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Grenada: Gov’t forced to withdraw controversial COVID-19 Bill

Grenada: Gov’t forced to withdraw controversial COVID-19 Bill


ST GEORGE’S, Grenada (CMC) — The Grenada Bar Association (GBA) said yesterday it would not participate in any meaningless consultation with the Government if the attorney general stands by his statement that nothing much will come out of the discussions with the lawyers regarding the Coronavirus (COVID-19) Control Bill 2020.

“The role of the bar, as we see it, will be to critique the Bill as drafted based on applicable legal principles and to make recommendations for its replacement or amendment in compliance with the law and public policy as the case may be,” the GBA said in a statement.

The Grenada Government said it would no longer table the controversial legislation in Parliament on Wednesday after members of the population announced plans to stage public protest against the measures.

The proposed legislation would have provided for a maximum penalty of EC$25,000 in a magistrate court for any person found guilty of violating any section of the law.

A government statement said that the legislation had been drafted after nearly four months of managing the SARS-CoV-2 national crisis, and the continuous examination of the medical and scientific information, as well as the experience of the management of the emergency on the ground.

“These matters informed the Bill as the Government was paying keen attention to the continuous feedback which was being provided by the public and its stakeholders. The sole intention of the Bill is to protect our people, especially now that we have taken the decision to reopen our borders,” it added.

“Government accepts responsibility for not ensuring that the public had a full explanation of the Bill, before attempting to take it to Parliament, and therefore commits to improving the process,” the Keith Mitchell Government said in the statement. It had earlier submitted a copy of the law to the GBA for review purposes.

Attorney General Darshan Ramdhani, in a radio interview yesterday, said “we crafted a law suitable for our environment.

“Laws must serve the purpose for which they are passed. This COVID Bill goes further than the current regulation. Nothing in this Bill is unconstitutional,” he said, making reference to Section three of the Grenada Constitution which notes that no person shall be deprived of his personal liberty save as may be authorised by law in any of the following cases, that is to say (a) in execution of the sentence or order of a court, whether established for Grenada or some other country, in respect of a criminal offence of which he has been convicted, upon reasonable suspicion of his having committed, or being about to commit, a criminal offence under the law of Grenada and for the purpose of preventing the spread of an infectious or contagious disease.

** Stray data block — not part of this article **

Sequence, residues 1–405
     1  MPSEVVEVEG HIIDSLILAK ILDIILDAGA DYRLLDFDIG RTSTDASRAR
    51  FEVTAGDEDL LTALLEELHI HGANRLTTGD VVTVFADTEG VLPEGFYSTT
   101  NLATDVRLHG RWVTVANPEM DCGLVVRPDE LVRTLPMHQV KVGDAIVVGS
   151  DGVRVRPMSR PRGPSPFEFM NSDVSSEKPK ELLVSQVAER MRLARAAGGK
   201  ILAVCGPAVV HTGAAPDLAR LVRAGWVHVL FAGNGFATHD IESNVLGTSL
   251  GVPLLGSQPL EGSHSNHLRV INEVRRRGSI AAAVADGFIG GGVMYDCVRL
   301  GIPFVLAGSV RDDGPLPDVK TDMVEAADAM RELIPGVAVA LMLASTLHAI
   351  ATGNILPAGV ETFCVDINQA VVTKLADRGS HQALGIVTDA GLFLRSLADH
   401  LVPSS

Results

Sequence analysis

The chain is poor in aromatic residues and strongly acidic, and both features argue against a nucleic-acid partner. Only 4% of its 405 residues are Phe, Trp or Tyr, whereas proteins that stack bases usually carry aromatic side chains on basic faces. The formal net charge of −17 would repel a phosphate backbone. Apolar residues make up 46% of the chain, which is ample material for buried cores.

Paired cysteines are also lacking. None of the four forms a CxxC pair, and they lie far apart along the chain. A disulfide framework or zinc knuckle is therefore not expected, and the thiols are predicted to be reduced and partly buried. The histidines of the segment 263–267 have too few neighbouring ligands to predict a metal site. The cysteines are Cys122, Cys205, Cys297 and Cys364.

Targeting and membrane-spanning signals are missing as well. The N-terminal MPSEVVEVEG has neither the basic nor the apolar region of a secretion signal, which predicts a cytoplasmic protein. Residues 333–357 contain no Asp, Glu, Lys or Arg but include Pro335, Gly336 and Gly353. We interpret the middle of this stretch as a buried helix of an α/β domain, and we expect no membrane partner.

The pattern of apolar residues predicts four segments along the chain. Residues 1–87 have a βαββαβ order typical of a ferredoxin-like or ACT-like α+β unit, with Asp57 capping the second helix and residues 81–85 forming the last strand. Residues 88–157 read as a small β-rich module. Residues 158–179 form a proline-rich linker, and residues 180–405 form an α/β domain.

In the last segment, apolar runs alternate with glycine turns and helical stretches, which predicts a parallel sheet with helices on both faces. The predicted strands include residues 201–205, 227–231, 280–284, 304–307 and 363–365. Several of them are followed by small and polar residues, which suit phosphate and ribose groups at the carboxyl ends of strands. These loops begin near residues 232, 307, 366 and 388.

But the GBA said that, having received the Bill from the Attorney General’s Chambers on Saturday for the first time, it had determined that the responsible position it should take is to help the process by first seeking the withdrawal of the Bill to allow for consultation with the government and other interested stakeholders, which the government has now admitted should have taken place but did not in fact.

However, it said it was unhappy with the action of the attorney general after the Government announced the delay of tabling the Bill during the Parliament sitting.

“One day after the Government issued its statement, its principal legal advisor has embarked on a round of media outings and has been heard to make statements which signal that he does not expect the consultation to be anything other than an empty exercise.

“Given the anxiety and agitation which this Bill has already caused to the public, at a time of unprecedented national anxiety and stress, the Government of Grenada must decide whether the message now being carried by the attorney general is in the interest of the public which has legitimate reasons to be concerned about the content and implications of this Bill,” the GBA said.

“For our part, the Grenada Bar will not participate in any ‘pappyshow’ consultation if, according to the attorney general, the outcome is already fixed. If the Government does not commit to a genuine consultative process, this will only invite further disquiet and disruption into our national space. We urge that good sense must prevail for the good of all of us,” the GBA added.


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